When praying to God, why do we always say, “In Jesus’ name I pray”?

Since biblical times, God’s name has been understood as a symbol of God’s very self. According to the Catechism of the Catholic Church,

“A name expresses a person’s essence and identity and the meaning of this person’s life. … To disclose one’s name is to make oneself known to others; in a way it is to hand oneself over by becoming accessible, capable of being known more intimately and addressed personally” (203).

God, by revealing Godself to human beings under many names throughout history, showed us God’s desire to be in loving relationship to us, to be known intimately and addressed personally by humankind. As salvation history unfolded, God revealed an even more intimate, personal face: God-with-us, in human flesh — Jesus. In turn, Jesus tells us how intimately he is connected to the Father:

“Believe me that I am in the Father and the Father is in me… I go to the Father, and whatever you ask in my name I will do, so as to glorify the Father in the Son.” (John 14:11-13)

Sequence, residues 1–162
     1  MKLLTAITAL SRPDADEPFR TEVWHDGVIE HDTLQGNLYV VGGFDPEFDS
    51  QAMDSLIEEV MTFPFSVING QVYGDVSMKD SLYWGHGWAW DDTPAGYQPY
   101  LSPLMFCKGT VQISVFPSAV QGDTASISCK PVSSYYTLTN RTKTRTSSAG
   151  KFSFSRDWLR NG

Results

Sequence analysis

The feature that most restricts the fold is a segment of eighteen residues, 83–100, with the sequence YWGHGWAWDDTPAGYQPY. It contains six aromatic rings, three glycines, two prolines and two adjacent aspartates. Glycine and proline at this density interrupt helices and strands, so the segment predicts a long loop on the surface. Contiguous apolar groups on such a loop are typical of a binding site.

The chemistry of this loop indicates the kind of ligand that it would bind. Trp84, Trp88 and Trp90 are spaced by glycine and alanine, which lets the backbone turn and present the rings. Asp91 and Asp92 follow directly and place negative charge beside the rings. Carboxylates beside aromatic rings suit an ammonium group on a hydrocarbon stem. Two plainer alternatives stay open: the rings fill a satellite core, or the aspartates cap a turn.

When we pray to God in Jesus’ name, we recall this intimate connection and respond to Jesus’ invitation to enter into it, being one with Jesus just as Jesus and the Father are one.

Neela Kale

Neela Kale is a writer and catechetical minister based in the Archdiocese of Portland. She served with the Incarnate Word Missionaries in Mexico and earned a Master of Divinity at the Jesuit School of Theology. Some of her best theological reflection happens on two wheels as she rides her bike around the hills of western Oregon.